James, Krystal, Pansy, and I dutifully enter the room. The door has barely shut before James and I are clinging to each other, wheezing.

“Lovely,” James snorts. “Love!” He says and collapses into a peal of laughter. “Us! Imagine.”

I wipe a tear from my eyes. “That felt like a persuasive essay from high school again, oh my gosh. Like we’re standing there, trying to be like ‘yes, yes, I am very much attracted to other people at all. Very much not aromantic. Not me, no, never.’” I say, miming a swooning lover.

James manages to stand up long enough to pretend to catch me before collapses onto one of the couches and continues to shake from silent laughter. 

Pansy finally speaks up from her spot in the corner, holding hands with Krystal. “Sorry, but… what’s happening with you?”

I look at James, who looks at me. We burst out laughing again and don’t stop until one of the directors comes to get us. He takes one look at the mascara running down my face and calls for the makeup crew.

“Last minute cold feet?” he asks sympathetically. 

“Something like that,” I say, exchanging looks with James.

“Shame,” he says. “I mean… I know nothing. Absolutely nothing about what was just discussed. Nope,” he continues, walking away. James snorts.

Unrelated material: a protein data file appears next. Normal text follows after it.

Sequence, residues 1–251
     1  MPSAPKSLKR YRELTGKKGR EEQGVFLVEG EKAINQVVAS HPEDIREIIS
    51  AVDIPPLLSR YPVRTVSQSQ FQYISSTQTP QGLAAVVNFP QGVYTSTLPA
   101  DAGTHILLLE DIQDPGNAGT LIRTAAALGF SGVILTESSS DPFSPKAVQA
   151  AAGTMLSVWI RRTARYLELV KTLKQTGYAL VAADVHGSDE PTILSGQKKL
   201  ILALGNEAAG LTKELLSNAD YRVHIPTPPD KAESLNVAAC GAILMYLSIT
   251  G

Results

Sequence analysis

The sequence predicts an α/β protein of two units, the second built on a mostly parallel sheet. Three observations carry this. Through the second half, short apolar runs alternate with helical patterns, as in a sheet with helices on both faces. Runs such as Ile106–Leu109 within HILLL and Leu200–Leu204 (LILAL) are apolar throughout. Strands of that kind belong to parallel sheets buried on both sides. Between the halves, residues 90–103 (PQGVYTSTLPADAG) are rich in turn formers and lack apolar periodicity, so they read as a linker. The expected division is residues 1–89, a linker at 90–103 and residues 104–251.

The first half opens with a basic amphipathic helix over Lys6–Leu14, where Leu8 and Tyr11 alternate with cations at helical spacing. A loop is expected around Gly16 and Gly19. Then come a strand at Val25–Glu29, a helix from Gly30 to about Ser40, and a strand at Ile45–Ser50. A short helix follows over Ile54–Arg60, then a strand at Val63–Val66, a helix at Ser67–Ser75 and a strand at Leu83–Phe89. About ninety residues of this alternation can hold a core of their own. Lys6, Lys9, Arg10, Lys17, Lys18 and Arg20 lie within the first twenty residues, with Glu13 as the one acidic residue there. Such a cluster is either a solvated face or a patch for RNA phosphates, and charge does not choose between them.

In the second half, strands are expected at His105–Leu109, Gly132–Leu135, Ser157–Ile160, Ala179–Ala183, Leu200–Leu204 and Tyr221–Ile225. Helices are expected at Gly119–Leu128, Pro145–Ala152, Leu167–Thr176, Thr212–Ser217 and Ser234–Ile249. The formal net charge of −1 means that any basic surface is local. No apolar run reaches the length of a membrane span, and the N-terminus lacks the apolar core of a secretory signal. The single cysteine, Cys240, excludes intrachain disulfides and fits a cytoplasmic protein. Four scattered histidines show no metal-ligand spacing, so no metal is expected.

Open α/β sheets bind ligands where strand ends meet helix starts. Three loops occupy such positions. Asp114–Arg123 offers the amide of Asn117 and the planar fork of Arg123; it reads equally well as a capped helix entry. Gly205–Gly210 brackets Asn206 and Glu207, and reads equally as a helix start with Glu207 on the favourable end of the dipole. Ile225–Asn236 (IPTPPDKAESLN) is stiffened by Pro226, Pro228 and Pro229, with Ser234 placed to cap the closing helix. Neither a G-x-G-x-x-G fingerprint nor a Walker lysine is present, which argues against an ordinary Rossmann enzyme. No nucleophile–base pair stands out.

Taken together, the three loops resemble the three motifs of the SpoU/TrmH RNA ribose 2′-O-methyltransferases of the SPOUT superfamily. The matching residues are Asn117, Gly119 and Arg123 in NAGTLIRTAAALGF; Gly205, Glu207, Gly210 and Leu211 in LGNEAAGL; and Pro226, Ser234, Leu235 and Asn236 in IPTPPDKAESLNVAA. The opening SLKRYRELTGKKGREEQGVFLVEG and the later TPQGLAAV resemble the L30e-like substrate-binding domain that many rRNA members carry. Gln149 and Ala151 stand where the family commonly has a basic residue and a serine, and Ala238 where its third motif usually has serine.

Once we’re lined up again, the judges school their expressions into the perfect, non-revealing expressions you always see on TV.

“Thank you, all of you, for your touching vows this afternoon,” Riley says.

“However,” says Michael, “only one couple can make it to the final episode for their dream wedding.”

“The couple we have decided has proved their eternal love for us this evening,” says Kendall, pausing for dramatic effect, “is James and Clara.”

As we practiced yesterday, James and I scream and hug each other. Krystal and Pansy show identical, slightly disappointed expressions. They shake each of our hands and then are ushered off stage by the directors.

Riley, Michael, and Kendall explain to us our winnings as if we haven’t heard and read them a million times already, before dismissing everyone to our suites. Krystal and Pansy, looking rather angry, are packing to go home. James and I are packing for a wedding, as it happens.

“I cannot believe we did that,” I say, flopping back onto the bed again.

James laughs. “Miracles do happen, apparently.”

“Now you can finally fulfill your lifelong dream of paying off your student debt, marrying a nice and respectable woman, settling down, having three kids, and moving to the suburbs,” I tease. He’s silent for a moment, which makes my breath freeze. He better know I was joking. 

“Actually, I was thinking of traveling with our rewards.”

“James,” I chide. “What about me, your dutiful fiance? Your student loans? Our picket fence?”

“I didn’t say I was planning on leaving you behind, stupid. You’re not rid of me yet, unfortunately.”

I look sideways at him. “Is this your way of inviting me on whatever ridiculous idea you’ve recently concocted?”